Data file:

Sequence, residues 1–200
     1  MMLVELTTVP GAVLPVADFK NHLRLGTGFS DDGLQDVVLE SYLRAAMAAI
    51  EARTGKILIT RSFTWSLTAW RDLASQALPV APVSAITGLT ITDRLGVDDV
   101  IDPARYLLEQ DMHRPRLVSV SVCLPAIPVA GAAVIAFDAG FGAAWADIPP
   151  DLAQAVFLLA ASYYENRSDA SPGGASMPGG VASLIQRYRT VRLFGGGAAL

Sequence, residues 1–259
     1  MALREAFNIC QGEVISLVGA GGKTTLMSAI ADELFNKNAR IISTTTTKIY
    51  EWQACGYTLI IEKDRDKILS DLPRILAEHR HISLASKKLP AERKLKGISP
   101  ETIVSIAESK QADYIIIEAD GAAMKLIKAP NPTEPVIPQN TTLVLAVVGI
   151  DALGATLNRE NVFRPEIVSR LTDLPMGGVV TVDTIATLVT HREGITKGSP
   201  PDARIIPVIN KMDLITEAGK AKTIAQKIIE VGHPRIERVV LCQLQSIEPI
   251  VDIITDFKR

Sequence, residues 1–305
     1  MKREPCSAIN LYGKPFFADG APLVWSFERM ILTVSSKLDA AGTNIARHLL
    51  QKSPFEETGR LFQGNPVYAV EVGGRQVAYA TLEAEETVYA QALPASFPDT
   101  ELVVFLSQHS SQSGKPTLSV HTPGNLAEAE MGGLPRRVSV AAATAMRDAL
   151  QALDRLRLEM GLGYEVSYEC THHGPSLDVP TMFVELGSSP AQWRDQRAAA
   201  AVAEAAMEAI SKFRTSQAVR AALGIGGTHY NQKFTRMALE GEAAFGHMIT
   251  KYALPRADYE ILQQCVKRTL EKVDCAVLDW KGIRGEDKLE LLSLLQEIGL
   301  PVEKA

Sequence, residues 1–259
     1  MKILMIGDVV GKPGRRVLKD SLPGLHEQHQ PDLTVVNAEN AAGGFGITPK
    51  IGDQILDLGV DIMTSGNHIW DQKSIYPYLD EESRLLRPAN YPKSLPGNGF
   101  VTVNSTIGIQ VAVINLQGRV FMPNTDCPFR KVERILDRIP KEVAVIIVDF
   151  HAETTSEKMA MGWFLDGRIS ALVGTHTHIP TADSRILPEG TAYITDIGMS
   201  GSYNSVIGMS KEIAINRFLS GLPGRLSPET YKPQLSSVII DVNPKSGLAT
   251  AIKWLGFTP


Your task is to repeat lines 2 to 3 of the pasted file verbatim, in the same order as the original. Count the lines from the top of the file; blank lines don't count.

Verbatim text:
     1  MMLVELTTVP GAVLPVADFK NHLRLGTGFS DDGLQDVVLE SYLRAAMAAI
    51  EARTGKILIT RSFTWSLTAW RDLASQALPV APVSAITGLT ITDRLGVDDV